Dog days shine over darkest hours

Steph Scurr with Doggy Daycare visitors Jake and Duke.

Steph Scurr with Doggy Daycare visitors Jake and Duke.

Steph Scurr has been through life's wringer and come out the other side brushing herself off with the help of some furry friends. 

At just 28 years old, Scurr is preparing to present her story of courage and the healing power of dogs at Nelson's Young and Inspired event in June. 

Her years at intermediate and high school included domestic violence, alcohol abuse and self-harm. 

Scurr described herself as "broken" and "looking down that dark tunnel of no return". 

Now 10 years on Scurr said she felt "fantastic".

"It's amazing, life is good. 

"Even though I've been through some pretty sh*tty stuff, I wouldn't change it for the world because I wouldn't be me."

Scurr grew up with dogs and was always thinking of ways to work with them including becoming a vet, working with customs dogs and training guide dogs but all those options were rejected due to not being able to put animals down or having to move to the North Island.

Volunteering for causes in Nelson became Scurr's escape from her challenging family life and a way to feel respected while giving something back to the community.

She was still studying at Nelson College for Girls when she started volunteering with Better Together Assistance Dogs which meant taking dogs to spend time with people with disabilities and challenged children.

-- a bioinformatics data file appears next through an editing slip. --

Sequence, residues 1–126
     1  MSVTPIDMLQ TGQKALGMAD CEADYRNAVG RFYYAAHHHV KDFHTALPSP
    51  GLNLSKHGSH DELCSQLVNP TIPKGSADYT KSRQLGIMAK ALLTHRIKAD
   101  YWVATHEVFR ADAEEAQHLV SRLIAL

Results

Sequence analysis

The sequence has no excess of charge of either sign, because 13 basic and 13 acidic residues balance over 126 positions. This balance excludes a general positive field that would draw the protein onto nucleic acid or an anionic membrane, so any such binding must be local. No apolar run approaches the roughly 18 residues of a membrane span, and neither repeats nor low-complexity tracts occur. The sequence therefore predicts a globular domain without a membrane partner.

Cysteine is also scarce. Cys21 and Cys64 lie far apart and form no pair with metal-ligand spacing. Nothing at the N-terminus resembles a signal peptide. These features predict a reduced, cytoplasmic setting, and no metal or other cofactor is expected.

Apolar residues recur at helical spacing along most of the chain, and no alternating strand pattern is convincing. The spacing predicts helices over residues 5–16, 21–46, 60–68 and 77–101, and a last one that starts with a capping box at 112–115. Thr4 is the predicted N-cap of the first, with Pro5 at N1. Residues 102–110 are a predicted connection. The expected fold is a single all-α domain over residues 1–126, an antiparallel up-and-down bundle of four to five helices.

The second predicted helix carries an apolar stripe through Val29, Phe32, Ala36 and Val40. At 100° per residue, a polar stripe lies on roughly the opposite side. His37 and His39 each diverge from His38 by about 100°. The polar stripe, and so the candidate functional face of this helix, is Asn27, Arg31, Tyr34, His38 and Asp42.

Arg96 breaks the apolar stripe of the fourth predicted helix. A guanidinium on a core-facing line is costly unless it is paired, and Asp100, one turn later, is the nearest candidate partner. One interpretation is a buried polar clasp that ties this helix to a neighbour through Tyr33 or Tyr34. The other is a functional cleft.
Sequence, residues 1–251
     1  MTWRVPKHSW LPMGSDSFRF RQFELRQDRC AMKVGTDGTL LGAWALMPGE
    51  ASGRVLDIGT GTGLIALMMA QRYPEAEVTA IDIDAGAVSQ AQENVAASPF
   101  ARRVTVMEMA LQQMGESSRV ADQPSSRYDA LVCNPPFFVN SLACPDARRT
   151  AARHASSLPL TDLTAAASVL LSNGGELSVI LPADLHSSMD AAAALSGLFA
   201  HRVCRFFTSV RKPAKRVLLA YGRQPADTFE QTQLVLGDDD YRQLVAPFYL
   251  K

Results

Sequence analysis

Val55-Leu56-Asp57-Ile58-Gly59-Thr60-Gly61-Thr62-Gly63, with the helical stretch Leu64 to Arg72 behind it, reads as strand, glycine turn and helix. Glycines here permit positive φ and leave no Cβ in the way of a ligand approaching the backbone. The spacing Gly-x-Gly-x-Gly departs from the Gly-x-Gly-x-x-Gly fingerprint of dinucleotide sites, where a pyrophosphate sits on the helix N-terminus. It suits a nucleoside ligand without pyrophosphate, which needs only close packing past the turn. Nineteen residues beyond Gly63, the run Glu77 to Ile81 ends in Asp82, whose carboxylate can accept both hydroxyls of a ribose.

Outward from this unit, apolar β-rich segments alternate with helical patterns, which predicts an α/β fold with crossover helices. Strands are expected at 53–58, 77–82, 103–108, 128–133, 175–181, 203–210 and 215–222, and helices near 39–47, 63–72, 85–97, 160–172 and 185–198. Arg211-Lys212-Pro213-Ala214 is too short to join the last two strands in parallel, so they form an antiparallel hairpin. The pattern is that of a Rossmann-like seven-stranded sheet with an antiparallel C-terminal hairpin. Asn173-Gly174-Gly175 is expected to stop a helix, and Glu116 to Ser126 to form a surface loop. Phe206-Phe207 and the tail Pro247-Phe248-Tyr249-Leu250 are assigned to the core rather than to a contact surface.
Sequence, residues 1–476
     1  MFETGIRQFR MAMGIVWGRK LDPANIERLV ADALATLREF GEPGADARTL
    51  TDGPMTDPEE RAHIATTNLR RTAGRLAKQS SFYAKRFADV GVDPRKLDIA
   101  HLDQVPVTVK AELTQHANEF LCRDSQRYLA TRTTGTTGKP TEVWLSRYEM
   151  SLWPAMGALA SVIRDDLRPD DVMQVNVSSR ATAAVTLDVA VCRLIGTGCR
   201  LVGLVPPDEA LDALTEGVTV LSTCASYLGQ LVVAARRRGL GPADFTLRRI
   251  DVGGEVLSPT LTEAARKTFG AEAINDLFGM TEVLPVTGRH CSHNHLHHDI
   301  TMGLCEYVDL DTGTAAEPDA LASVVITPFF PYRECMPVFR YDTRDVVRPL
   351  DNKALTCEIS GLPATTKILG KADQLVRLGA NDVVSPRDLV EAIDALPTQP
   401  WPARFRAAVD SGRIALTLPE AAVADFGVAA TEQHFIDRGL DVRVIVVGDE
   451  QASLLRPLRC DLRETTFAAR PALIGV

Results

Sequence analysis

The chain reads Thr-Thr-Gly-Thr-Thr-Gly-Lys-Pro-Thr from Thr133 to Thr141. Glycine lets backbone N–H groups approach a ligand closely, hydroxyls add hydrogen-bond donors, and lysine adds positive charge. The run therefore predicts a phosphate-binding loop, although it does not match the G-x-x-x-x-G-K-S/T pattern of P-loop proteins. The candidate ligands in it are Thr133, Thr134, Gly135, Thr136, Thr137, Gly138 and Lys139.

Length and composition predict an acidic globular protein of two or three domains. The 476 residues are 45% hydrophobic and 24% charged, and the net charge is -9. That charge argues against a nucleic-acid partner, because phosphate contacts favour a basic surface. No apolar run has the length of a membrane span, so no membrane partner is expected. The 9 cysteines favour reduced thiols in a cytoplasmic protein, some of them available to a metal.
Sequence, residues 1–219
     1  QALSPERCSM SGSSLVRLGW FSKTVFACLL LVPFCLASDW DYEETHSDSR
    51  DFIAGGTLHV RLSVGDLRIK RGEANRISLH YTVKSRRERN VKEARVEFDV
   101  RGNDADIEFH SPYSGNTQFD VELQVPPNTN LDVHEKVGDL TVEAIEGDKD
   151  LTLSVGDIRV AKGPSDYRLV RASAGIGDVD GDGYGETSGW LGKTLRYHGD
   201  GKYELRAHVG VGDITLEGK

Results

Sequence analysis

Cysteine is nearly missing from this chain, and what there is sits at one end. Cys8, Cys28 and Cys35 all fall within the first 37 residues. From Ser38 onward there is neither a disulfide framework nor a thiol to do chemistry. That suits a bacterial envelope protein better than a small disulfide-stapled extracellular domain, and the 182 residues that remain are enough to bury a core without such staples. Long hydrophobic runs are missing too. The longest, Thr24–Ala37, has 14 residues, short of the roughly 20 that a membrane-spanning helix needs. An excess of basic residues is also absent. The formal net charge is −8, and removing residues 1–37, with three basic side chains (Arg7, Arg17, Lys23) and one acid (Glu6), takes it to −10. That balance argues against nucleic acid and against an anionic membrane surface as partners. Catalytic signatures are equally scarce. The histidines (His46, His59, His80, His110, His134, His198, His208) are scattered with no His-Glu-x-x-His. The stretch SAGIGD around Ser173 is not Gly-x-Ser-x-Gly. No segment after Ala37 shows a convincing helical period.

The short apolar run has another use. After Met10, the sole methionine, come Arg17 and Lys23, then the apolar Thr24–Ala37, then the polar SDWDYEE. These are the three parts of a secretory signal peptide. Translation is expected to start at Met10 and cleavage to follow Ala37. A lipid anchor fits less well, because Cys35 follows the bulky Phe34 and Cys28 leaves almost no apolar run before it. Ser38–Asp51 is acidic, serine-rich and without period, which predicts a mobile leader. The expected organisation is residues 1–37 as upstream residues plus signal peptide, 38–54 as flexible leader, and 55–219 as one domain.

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Scurr went on to volunteer for Presbyterian Support where she helped out with daily chores taking care of elderly.

"For me, it was something nice to do, you'd always feel valued when you went there. They always looked forward to seeing you and you always looked forward to seeing them."

During her moments of having a dark cloud hanging over her, Scurr wanted to end her life but she said she turned her life around when she realised "I just don't want to be that person".

"I can't sit there and feel sorry for myself, I have to be doing something."

Despite the joy Scurr experienced in working with the elderly, she said she knew what she wanted to focus her life on "and it was something to do with animals".

In 2005, after several unsatisfying retail jobs and volunteering around Nelson, Scurr joined the Nelson ARK and became a youth trustee before becoming a paid employee at ARK in 2009.

Scurr said back in those days, Nelson had no such thing as a doggy daycare business, but ARK started one up to pay for the running of the organisation.

This is where Scurr found her passion.

It wasn't long before the doggy daycare part of the business was deemed not "viable" but two people saw potential in the up and coming service.

Put up for sale by ARK, Steph Scurr teamed up with Leanne Colley, becoming the proud owners of a pooch paradise in 2014. 

Scurr and Colley have about 40 dogs a day, doing full days Monday to Friday.

Scurr said she couldn't see herself doing anything else. 

"People aren't as much fun as dogs, they just love you unconditionally."

Motivated by being told that she would "never be anything", Scurr was proud to say she had proven them wrong.

"I have actually become someone and I am living my dream."





 - Stuff


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